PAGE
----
Work Stream Four maps international non-governmental organisations’ current uses of big data and social media and develops new approaches to humanitarian and human rights work.
Access to social media has generated an unprecedented quantity of data that is of potential significance in the documentation and evidencing of human rights violations. Big data on conflict and State repression provides new ways to map, monitor and document human rights violations by combining and triangulating disparate sources of data, such as social media and image data, in ways that can corroborate and verify accounts of human rights abuse.
It can also strengthen the ability of humanitarian actors such as the Office of the UN High Commissioner for Refugees and the International Committee of the Red Cross to respond to conflict-driven or natural disasters. For example, social media, coupled with satellite imagery of the movement of displaced persons can assist the Office of the UN High Commissioner for Refugees and other UN actors to establish secure and adequate refugee and internally displaced persons camps, to have the necessary facilities in place, and to meet the on-going needs of the displaced population, including the provision of health, food, education, and legal services. This crucial information can further be used to track displacement and consequently the geo-location of potential human rights violations in the aftermath of disasters.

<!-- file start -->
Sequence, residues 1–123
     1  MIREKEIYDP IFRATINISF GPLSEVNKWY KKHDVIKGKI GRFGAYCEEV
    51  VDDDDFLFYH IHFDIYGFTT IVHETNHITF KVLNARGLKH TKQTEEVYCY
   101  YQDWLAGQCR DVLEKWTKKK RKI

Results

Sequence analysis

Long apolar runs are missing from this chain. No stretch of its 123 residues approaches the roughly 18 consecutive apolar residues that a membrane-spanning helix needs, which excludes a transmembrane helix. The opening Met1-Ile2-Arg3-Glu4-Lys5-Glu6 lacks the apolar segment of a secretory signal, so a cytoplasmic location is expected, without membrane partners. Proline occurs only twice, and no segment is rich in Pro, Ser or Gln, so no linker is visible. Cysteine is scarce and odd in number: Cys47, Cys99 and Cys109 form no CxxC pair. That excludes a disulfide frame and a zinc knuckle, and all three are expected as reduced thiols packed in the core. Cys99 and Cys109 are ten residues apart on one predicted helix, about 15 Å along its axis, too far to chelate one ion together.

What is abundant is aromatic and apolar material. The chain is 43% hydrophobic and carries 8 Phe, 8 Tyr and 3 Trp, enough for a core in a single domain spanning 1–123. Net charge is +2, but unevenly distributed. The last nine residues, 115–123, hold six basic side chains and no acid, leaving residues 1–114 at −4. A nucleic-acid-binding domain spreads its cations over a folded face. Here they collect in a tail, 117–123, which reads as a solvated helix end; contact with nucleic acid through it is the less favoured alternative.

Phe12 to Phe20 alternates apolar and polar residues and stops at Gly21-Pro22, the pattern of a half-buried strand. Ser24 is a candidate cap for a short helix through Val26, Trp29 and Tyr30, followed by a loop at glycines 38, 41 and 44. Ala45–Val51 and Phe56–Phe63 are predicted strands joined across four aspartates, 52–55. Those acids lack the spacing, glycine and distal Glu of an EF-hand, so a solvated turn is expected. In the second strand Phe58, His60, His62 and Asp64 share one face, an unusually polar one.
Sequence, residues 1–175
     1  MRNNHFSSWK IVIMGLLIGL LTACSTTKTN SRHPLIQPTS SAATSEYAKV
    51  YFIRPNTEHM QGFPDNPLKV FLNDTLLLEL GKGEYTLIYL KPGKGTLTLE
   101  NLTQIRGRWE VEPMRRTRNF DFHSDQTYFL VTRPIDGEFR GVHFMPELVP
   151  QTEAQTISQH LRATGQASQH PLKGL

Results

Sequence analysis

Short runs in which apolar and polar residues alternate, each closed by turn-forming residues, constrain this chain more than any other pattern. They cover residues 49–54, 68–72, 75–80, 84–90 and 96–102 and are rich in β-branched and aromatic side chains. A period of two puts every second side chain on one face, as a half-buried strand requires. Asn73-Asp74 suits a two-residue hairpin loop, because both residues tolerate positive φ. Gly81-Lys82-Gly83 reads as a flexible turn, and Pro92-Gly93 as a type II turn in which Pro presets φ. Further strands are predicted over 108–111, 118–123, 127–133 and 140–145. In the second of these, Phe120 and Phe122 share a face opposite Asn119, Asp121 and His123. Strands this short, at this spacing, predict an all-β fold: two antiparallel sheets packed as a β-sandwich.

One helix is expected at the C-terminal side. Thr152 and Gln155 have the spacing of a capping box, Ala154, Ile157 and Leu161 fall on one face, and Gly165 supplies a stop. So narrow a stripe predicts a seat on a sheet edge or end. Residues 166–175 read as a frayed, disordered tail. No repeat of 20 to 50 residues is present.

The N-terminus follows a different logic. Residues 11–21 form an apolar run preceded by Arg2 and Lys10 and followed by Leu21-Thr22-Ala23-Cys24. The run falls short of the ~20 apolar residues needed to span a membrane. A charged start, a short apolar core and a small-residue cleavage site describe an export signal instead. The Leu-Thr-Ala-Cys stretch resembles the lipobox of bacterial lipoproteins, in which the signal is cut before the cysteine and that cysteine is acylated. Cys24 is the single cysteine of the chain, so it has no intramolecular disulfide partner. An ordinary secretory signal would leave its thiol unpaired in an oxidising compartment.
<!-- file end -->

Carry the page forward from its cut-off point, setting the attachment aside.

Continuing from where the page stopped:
Work Stream Four focuses on the following research questions:
- To what extent do big data and social media provide resources and new opportunities to increase the effectiveness of humanitarian and human rights organisations?
- How can big data and social media be used to map, monitor and document human rights violations and to respond proactively to humanitarian crises?
- What are the key challenges facing such organisations when seeking to use big data and social media in this way and can they be overcome?